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cmd/go: mod tidy doesn't look in GOPATH when converting a legacy GOPATH project #42441

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dwschulze opened this issue Nov 7, 2020 · 6 comments
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@dwschulze
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@dwschulze dwschulze commented Nov 7, 2020

What version of Go are you using (go version)?

$ go version
1.14

Does this issue reproduce with the latest release?

Yes

What operating system and processor architecture are you using (go env)?

go env Output
$ go env
Ubuntu 19.10  
amd64

What did you do?

Migrating legacy GOPATH code to use modules. Following this blog post I run go mod init bitbucket.org/username/reponame.git/integration-project/golang/lctlk8s in the project root directory. Then I run go mod tidy it gives

$GOPATH/go.mod exists but should not

If I change to the src/ directory and create the go.mod and run go tidy it fails to find to code in the current project and GOPATH:

go mod tidy
bitbucket.org/username/reponame.git/integration-project/golang/lctlk8s/cmd/lctlk8s imports
internal/composerestclient: package internal/composerestclient is not in GOROOT (/home/dean/bin/go1.14.linux-amd64/go/src/internal/composerestclient)
bitbucket.org/username/reponame.git/integration-project/golang/lctlk8s/internal/composerestclient imports
pkg/lctlutil: package pkg/lctlutil is not in GOROOT (/home/dean/bin/go1.14.linux-amd64/go/src/pkg/lctlutil)

Is this a bug in go mod tidy for not looking in the GOPATH, or is the blog post just wrong about how to migrate a legacy GOPATH project?

Here's my tree under the project root:

└── src
├── cmd
│   └── lctlk8s
│   └── lctlk8s.go
├── internal
│   ├── composerestclient
│   │   ├── compose.rest.client.go
│   │   ├── json.strings.go
│   │   ├── rest.client.structs.go
│   │   └── version.go
└── pkg
├── lctlutil
│   ├── readascii.go
│   └── readconf.go

What did you expect to see?

What did you see instead?

@dwschulze
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@dwschulze dwschulze commented Nov 7, 2020

The problem is that before you can run go mod tidy on the legacy project you have to add the module name to the import statements. That needs to be included in that blog post. Also the project used in the blog post has already been converted to modules so it doesn't illustrate anything.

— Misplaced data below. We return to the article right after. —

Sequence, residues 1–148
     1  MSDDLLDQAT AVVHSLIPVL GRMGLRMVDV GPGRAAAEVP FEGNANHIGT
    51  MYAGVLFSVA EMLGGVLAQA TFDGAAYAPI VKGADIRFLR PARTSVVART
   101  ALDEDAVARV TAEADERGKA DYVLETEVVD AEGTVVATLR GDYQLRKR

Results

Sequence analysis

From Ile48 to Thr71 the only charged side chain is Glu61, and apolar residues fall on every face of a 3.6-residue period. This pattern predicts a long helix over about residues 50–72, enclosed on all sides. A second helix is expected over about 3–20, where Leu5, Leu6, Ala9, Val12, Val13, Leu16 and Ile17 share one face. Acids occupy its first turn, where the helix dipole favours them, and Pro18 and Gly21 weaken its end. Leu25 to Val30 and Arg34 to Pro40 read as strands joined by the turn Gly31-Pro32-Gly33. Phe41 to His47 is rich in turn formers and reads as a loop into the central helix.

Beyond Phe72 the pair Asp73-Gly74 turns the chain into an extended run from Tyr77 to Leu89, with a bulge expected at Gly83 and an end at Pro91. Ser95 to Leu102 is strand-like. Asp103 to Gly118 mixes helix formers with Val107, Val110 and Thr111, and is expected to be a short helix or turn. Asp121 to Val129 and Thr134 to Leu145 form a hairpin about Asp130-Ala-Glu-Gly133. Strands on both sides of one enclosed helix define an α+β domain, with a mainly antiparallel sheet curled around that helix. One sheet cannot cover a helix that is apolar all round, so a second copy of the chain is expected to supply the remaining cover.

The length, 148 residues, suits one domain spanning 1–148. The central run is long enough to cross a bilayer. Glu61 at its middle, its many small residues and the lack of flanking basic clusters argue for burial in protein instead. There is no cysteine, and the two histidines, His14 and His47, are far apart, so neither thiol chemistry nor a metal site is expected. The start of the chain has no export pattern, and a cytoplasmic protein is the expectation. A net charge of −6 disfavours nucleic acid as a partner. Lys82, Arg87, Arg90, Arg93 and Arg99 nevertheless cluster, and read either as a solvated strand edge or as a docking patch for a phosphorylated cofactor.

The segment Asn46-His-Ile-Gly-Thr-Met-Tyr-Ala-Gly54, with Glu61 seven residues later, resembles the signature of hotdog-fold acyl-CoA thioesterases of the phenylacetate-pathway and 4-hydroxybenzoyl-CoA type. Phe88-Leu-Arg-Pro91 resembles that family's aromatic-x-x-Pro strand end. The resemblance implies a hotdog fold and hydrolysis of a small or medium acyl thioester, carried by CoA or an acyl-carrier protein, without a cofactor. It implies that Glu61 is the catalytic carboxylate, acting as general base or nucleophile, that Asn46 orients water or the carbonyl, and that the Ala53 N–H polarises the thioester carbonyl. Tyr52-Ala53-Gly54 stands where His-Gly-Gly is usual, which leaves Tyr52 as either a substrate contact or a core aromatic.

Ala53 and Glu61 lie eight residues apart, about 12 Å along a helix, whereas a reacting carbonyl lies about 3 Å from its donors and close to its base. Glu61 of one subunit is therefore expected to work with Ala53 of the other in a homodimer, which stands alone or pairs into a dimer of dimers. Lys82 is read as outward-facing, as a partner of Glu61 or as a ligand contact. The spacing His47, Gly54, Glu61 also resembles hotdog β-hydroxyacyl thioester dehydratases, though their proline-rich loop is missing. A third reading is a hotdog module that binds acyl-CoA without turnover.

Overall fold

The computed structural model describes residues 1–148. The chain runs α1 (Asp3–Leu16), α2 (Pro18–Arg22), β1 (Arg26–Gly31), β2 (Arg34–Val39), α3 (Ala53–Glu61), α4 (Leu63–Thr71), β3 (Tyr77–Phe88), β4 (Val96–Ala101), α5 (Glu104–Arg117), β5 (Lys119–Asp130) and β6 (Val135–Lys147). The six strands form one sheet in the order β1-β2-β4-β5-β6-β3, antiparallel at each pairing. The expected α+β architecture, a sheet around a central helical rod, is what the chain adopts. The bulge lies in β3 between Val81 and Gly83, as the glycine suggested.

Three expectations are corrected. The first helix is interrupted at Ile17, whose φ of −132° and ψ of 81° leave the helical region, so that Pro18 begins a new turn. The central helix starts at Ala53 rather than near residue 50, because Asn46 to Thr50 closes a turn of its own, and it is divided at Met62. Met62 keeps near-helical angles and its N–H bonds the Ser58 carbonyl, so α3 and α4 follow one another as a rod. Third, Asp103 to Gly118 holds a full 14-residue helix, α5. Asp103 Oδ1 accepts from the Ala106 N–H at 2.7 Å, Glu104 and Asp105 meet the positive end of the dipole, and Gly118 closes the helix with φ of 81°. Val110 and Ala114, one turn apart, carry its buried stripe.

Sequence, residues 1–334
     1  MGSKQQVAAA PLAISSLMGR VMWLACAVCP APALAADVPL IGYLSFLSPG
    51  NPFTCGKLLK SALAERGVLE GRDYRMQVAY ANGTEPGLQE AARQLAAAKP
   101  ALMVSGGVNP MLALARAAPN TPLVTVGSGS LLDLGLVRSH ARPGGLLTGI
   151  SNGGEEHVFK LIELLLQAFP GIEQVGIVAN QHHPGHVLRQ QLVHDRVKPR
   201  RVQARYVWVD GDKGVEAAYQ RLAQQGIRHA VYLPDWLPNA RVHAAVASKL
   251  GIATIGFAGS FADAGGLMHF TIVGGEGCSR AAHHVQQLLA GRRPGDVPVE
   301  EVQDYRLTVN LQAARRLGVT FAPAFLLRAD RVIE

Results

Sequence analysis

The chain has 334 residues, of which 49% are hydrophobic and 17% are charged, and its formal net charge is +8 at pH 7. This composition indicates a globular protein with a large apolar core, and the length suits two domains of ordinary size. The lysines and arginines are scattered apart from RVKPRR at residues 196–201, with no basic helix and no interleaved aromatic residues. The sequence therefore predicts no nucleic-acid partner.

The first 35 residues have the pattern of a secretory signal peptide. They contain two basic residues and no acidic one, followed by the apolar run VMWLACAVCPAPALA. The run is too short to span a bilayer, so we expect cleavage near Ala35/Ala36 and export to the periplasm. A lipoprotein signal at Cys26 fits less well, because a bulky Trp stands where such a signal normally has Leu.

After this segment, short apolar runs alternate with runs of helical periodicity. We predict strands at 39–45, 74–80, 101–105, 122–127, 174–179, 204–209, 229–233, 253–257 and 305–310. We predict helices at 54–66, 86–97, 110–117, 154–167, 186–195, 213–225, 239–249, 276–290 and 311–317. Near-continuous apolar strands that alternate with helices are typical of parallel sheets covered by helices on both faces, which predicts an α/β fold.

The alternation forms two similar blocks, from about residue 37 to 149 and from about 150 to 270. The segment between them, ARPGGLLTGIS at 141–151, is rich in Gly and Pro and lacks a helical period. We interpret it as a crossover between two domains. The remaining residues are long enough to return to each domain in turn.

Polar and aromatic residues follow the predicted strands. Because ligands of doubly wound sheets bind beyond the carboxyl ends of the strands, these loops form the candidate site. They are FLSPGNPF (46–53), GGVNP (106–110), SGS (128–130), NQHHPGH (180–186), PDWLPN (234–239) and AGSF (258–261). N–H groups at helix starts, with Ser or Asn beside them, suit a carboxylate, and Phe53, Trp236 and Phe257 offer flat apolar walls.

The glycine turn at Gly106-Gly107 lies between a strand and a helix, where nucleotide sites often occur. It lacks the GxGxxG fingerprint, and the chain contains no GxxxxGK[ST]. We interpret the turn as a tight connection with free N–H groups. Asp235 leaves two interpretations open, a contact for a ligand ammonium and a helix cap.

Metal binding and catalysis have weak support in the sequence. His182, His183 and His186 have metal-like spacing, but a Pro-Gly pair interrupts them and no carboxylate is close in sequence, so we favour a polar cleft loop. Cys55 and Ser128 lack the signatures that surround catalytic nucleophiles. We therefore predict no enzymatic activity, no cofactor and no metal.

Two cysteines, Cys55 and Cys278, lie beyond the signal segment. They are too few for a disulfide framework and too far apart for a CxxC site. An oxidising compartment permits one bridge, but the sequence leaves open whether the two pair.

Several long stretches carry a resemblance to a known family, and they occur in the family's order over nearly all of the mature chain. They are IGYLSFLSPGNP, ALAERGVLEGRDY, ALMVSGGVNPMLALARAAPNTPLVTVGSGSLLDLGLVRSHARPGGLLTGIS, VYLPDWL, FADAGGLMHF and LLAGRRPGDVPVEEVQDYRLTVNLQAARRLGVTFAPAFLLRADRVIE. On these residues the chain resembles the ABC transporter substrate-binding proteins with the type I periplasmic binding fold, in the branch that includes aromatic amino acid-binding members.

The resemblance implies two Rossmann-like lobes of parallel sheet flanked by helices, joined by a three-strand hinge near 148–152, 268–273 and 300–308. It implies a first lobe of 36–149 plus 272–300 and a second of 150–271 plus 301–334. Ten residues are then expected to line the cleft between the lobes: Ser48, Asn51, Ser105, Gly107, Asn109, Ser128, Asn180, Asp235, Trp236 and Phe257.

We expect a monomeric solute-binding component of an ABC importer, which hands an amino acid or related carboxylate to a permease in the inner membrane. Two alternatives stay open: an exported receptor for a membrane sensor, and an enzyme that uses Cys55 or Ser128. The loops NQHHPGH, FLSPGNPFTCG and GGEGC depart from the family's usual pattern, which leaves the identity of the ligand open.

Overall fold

@cagedmantis cagedmantis changed the title go mod tidy doesn't look in GOPATH when converting a legacy GOPATH project cmd/go: mod tidy doesn't look in GOPATH when converting a legacy GOPATH project Nov 10, 2020
@bcmills bcmills added the modules label Nov 10, 2020
@cagedmantis cagedmantis added this to the Backlog milestone Nov 10, 2020
@bcmills
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@bcmills bcmills commented Nov 10, 2020

@stevetraut is working on new tutorial content for modules.

(We should take this feedback into account in the tutorials.)

@stevetraut
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@stevetraut stevetraut commented Nov 10, 2020

I think the first place folks will look for information about what the command requires to run usefully is in the reference for go mod tidy. This behavior should be reflect in other module docs, but I don't think people will look there first because it's less immediate.

@bcmills
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@bcmills bcmills commented Nov 10, 2020

In this case, I think what we're missing is probably a tutorial on “converting a GOPATH project to use modules” when the existing GOPATH contains packages that are intended to go in different modules.

(Our existing blog post assumes that the whole GOPATH project is a single module, so it doesn't describe how to use replace directives to wire in other dependencies from outside of that module that can't — or can't yet — be fetched using go get.)

@stevetraut
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@stevetraut stevetraut commented Nov 10, 2020

Can we set aside the content delivery vehicle for a moment and focus on what users need to be successful? What bits of information does a user need to have in order to successfully migrate GOPATH code to modules?

@bcmills
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@bcmills bcmills commented Nov 12, 2020

In this particular case, the user needs to know that they should add replace directives in the go.mod file for their new module for for any existing dependencies that cannot be fetched using go get.

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